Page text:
These projects must be carried out under the auspices and with the participation of the Governments concerned if the desired results are to be achieved. It follows that government organs with wide administrative and technical functions will have to be established. As soon as the projects with which they a re concerned are accepted in principle by a government, it should establish in the countries concerned a permanent Development Board divorced as far as possible from politics, and unaffected by cabinet changes. It should consist of technical experts and of the Ministers most directly concerned, such as, for instance, the Ministers of Finance, Public Works, Agriculture and Foreign Affairs. The Board, besides ensuring continuity in the development of projects, would also act as a link between the government and the international or other advisory or executive body providing technical or financial assistance. More specifically, assuming that refugee relief work will be financed through the body just established by the General Assembly resolution, the Board would be the organ of government responsible for maintaining contact and conducting negotiations with this body, It would be the most suitable organ for coordinating plans for the development of the country's natural resources and also to deal with problems of housing, road and rail communications, and industry in general. It is therefore most important that wherever there are Palestine refugees for whom temporary relief work is in prospect, the governments concerned should take prompt action with a view to the establishment of such boards.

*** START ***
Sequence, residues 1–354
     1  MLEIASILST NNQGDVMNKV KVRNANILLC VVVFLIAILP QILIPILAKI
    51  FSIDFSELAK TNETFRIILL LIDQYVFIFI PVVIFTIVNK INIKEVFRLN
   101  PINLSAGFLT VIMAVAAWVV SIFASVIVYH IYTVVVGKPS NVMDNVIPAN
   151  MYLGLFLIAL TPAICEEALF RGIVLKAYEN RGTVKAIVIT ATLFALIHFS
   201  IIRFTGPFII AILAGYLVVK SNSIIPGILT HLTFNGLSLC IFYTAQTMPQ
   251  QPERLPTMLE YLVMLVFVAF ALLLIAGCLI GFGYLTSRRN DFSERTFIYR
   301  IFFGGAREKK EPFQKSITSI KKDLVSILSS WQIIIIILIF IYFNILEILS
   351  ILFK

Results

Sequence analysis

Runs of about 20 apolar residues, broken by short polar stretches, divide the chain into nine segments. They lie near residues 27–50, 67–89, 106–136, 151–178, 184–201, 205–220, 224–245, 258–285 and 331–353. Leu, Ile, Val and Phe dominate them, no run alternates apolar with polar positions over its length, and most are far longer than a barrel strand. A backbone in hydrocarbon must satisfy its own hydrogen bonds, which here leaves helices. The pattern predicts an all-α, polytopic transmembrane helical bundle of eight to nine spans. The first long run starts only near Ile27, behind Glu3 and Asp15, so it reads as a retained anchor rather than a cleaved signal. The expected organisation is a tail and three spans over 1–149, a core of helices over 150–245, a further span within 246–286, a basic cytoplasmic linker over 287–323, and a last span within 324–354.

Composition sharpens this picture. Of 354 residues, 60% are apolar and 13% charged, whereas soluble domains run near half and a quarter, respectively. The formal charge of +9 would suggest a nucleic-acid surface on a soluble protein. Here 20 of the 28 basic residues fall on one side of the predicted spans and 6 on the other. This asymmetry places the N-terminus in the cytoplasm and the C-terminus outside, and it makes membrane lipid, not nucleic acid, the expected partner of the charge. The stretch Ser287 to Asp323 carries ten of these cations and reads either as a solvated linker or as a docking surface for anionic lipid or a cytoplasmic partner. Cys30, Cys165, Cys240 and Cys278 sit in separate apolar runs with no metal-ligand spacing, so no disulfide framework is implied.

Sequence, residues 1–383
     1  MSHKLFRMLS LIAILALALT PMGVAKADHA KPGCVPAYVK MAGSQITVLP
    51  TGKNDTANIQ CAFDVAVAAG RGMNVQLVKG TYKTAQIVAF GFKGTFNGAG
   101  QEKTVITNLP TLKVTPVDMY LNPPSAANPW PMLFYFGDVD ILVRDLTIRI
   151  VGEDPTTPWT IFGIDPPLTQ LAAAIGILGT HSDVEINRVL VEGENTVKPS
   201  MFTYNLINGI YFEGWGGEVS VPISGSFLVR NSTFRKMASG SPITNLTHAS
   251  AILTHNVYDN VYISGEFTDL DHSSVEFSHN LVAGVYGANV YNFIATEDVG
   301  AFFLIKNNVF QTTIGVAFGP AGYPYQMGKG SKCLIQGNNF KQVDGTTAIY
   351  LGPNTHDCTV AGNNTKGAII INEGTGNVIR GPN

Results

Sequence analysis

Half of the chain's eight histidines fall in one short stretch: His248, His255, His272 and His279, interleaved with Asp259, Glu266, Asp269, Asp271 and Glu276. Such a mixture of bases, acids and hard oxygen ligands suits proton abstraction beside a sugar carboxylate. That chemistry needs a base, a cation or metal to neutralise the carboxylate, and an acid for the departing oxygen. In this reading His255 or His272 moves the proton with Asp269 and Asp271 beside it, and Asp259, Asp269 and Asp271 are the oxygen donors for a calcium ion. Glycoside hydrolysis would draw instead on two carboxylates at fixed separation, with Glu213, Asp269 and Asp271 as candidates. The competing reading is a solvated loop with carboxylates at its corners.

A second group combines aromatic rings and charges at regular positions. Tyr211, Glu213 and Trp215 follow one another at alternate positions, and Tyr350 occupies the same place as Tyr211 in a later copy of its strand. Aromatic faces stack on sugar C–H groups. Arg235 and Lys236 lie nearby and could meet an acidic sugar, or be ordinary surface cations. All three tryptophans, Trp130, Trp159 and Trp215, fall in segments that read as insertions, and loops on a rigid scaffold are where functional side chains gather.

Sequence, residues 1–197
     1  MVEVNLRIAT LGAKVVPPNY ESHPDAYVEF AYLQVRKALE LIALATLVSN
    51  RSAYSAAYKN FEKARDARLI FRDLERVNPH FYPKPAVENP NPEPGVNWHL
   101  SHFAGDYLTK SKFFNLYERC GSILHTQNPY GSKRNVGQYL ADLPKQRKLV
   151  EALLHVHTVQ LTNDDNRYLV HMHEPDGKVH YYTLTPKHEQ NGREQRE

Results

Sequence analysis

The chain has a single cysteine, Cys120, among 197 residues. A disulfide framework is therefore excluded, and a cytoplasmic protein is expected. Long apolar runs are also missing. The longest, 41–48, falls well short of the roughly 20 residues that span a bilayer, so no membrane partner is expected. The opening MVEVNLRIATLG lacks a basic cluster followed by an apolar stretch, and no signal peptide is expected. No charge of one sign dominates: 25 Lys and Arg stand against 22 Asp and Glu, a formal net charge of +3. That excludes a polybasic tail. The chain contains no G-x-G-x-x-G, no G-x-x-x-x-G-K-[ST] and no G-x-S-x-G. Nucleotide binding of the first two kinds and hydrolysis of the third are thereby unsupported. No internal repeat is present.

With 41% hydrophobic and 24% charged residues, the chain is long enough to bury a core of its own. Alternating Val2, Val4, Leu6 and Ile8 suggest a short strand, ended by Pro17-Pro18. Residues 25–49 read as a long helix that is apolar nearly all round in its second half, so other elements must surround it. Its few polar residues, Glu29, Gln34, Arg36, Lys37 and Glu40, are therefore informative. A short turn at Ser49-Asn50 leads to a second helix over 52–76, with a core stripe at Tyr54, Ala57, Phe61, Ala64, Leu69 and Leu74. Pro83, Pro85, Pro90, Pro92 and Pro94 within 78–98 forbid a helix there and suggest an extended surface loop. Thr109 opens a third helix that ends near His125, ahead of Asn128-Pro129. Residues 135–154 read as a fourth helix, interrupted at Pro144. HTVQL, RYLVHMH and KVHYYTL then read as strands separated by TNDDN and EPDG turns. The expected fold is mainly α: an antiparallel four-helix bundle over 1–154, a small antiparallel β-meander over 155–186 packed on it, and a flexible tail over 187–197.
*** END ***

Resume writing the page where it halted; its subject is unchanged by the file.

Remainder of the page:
Some Middle East Governments have already taken steps in this direction, or have even actually set up such boards*


General speaking it is the government’s duty to provide land and living accommodation for skilled or semi-skilled workers and to pay their wages. The financial resources at its disposal may not however suffice to pay the salaries of foreign experts or to purchase the necessary scientific instruments. Expenditure under these heads cannot be met from the United Nations relief fund for Palestine refugees, even though this expenditure is fundamentally for the purpose of providing work for them. On the other hand, the need for research into technical problems is urgent, as has been recognized by all the governments concerned.